Gary Loveman, the CEO of the giant US land gambling group Caesars Entertainment, has been consistent in recommending the federal legalisation of online gambling in the United States, and the latest lobbying numbers revealed through mandatory disclosure to Congress shows that the company is investing substantial sums in the concept.
Caesars Entertainment declared a total of $821 000 in its Q2-2011 lobbying advisory to the clerk of Congress, a startling 23 percent of the total lobbying spend by parties with an interest in regulated internet gambling during the quarter.
However, with major ‘contributors’ like Pokerstars and Full Tilt Poker likely out of the running after Black Friday, the Q2 lobbying spend actually decreased by some $326 000 compared with that invested in Q1-2011.
For example, PokerStars’ lobbying spend dropped by 19 percent in Q2 – the first time in almost two years that the company’s investment in this activity has actually declined. The Interactive Gaming Council and the Poker Players Alliance, each probably also impacted by the US exclusion of major supporters, also slashed Q2 lobbying budgets by 28.3 percent and 7.1 percent respectively.
Interestingly, a European contender surfaced on the US lobbying scene for the first time; France’s Betclic Everest Group declared $50 000 in lobbying spend, presumably with the goal of getting a foot in the door when the US legalises online poker, an event that appears increasingly likely.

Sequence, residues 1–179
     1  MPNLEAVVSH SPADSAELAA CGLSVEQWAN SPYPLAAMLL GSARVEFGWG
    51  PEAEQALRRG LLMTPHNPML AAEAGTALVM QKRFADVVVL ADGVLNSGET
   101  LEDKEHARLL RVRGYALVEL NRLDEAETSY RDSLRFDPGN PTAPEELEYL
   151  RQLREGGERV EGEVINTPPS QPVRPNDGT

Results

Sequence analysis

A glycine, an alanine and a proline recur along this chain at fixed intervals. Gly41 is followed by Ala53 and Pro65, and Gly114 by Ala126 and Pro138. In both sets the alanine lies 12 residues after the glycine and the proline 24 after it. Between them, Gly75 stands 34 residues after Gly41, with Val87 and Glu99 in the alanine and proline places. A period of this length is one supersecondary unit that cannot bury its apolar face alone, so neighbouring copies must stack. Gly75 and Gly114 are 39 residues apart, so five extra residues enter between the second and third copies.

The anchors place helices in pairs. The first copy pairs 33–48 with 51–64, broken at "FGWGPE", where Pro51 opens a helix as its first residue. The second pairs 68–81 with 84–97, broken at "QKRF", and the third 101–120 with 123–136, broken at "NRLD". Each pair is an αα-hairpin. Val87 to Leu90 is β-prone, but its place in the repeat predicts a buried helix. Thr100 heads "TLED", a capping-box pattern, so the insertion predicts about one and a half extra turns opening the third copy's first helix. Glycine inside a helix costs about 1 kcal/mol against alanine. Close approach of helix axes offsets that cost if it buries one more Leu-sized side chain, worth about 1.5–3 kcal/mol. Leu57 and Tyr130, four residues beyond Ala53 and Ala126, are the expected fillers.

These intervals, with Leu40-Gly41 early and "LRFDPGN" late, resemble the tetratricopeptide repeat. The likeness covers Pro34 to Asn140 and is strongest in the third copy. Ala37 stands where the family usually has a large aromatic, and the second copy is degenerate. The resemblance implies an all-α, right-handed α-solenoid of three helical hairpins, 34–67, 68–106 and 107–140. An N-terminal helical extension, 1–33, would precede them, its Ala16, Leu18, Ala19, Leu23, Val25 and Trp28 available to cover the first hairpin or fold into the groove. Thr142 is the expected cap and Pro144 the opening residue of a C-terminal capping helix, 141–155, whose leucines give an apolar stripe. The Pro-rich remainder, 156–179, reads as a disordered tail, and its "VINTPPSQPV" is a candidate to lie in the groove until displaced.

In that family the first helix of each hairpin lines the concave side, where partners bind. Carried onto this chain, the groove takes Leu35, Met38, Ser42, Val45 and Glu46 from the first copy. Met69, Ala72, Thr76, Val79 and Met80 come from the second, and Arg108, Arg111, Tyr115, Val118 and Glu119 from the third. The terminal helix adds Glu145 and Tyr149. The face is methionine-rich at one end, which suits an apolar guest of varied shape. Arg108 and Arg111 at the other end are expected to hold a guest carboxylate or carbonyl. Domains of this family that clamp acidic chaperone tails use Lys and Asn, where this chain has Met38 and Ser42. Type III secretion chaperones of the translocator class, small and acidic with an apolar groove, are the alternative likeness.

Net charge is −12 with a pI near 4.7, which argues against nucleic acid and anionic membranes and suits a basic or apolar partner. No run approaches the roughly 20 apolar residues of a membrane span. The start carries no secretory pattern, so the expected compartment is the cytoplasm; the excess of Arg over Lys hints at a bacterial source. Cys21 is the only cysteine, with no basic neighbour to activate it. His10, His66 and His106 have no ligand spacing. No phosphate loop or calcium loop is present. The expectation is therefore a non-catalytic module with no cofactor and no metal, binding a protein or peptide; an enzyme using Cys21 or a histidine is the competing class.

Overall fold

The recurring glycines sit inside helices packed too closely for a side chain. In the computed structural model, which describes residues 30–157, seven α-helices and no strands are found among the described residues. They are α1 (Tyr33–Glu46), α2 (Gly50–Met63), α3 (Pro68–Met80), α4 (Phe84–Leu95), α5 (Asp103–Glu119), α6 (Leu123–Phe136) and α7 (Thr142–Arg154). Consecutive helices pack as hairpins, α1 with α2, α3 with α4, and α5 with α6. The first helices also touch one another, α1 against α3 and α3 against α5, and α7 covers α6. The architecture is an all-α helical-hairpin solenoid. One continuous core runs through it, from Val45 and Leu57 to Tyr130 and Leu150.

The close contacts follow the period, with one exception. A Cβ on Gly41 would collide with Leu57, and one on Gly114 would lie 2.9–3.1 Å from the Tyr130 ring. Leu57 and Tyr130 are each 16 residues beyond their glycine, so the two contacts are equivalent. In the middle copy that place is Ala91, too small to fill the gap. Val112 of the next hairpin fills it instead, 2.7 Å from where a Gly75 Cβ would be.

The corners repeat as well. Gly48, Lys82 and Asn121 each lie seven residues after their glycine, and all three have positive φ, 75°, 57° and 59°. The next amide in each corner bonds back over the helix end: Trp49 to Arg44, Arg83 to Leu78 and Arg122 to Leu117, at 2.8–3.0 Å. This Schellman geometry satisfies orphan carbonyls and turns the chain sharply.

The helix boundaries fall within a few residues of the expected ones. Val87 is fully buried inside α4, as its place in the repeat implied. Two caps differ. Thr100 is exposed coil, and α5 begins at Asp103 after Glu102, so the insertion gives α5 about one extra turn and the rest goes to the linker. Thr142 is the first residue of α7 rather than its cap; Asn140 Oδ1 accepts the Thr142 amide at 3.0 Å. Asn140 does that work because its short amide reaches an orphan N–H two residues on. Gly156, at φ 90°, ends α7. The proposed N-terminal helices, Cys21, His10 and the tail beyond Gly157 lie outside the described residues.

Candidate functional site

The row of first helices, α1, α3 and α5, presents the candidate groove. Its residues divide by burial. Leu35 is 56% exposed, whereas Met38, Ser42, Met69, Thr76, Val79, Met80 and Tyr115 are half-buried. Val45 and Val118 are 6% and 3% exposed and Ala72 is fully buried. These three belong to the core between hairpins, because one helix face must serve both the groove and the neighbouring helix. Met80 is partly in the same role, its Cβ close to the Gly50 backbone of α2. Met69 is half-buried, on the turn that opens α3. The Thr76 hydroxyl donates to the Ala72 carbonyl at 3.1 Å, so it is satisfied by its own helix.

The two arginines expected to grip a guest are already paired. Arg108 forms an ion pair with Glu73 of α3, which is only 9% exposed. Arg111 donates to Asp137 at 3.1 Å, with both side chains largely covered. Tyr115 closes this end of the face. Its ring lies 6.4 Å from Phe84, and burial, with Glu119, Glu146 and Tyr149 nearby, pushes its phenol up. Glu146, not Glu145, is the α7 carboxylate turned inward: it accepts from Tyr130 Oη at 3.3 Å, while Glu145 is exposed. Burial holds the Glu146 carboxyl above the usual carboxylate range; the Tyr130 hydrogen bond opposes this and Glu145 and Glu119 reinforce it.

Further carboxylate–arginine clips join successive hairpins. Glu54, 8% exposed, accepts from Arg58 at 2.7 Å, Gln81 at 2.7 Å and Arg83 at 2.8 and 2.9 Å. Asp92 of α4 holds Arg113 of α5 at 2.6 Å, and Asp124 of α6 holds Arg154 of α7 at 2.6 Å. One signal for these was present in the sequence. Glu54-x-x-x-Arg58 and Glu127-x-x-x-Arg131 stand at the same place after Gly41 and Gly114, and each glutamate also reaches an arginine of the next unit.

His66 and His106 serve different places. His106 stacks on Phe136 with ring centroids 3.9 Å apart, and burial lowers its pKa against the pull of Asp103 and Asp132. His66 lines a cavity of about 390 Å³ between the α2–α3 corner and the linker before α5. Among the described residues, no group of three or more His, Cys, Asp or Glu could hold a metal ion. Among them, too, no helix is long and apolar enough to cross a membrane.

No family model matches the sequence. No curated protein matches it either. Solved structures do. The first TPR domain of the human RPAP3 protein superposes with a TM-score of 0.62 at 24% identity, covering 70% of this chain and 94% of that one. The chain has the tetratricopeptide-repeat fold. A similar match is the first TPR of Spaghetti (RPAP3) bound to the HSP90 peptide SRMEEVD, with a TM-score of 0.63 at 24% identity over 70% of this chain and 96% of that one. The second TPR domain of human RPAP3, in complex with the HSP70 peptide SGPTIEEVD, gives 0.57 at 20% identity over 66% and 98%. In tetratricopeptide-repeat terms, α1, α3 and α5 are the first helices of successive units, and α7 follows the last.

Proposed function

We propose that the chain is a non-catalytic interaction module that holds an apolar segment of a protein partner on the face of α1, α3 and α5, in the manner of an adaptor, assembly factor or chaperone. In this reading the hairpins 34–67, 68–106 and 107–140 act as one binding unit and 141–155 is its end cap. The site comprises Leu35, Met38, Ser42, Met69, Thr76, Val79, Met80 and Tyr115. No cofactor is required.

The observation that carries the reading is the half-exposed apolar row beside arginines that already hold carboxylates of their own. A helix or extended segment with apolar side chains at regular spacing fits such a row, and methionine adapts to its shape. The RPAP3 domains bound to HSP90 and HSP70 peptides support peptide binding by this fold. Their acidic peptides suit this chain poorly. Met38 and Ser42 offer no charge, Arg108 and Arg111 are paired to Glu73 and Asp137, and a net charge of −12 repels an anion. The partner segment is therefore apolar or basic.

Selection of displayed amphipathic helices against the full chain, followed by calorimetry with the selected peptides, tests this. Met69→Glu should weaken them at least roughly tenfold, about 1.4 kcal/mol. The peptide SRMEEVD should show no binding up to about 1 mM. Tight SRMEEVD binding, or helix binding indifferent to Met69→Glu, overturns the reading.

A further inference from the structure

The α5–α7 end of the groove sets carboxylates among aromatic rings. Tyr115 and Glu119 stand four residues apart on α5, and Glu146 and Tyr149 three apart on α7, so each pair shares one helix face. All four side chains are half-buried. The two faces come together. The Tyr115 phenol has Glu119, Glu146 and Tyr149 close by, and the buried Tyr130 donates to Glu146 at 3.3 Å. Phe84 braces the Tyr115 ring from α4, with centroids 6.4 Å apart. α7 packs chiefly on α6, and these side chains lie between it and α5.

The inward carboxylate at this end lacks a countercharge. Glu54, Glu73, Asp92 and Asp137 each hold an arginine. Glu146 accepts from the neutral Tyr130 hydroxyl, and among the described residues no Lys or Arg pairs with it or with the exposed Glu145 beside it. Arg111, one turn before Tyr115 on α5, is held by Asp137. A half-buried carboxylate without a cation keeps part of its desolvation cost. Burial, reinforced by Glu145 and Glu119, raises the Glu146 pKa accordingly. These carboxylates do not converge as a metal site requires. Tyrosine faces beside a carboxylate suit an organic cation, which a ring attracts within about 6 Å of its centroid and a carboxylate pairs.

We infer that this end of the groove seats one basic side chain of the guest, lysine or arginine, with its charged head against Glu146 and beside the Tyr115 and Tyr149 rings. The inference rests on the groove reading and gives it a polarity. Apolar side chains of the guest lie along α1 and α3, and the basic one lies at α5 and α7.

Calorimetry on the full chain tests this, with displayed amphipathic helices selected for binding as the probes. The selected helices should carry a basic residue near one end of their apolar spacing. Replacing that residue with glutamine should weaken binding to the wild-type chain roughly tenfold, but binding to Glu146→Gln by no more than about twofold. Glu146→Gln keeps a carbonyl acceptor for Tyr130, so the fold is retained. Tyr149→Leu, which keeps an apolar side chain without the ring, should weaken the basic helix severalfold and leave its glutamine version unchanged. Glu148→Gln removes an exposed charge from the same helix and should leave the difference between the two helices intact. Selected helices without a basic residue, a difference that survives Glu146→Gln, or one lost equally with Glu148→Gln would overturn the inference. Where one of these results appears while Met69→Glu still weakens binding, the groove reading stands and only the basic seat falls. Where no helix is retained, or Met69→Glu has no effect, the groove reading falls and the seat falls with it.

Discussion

The usually well-informed Las Vegas Review-Journal reinforced that view last week, reporting that the veteran Democrat Congressman from Nevada and Senate Majority Leader, Harry Reid, had told one of its staffers that online poker would be legalised, and would be good for Nevada.
That was interpreted as an indication that major Nevada land gambling groups would likely get the first licenses, with more issued to tribal gambling operators in order to avoid controversy.
Caesar’s hyper-active chief exec was also interviewed by the UK newspaper the Financial Times this weekend, where he is reported to have said that the US crackdown on Black Friday had left a vacuum in the market that needed to be filled by responsible and legal operators.
Loveman added: “I do believe there is a will in Congress to correct this …. we ought to clean up the regulatory and policing environment and that’s what we’re seeking.
“First, it creates the appropriate legal and enforcement environment where the game is being provided fairly by regulated entities that are known to the American authorities.
“Second, there’s a lot of job creation associated with this; we could provide thousands of American jobs if given the right to do so and there would be the benefit of tax revenues.”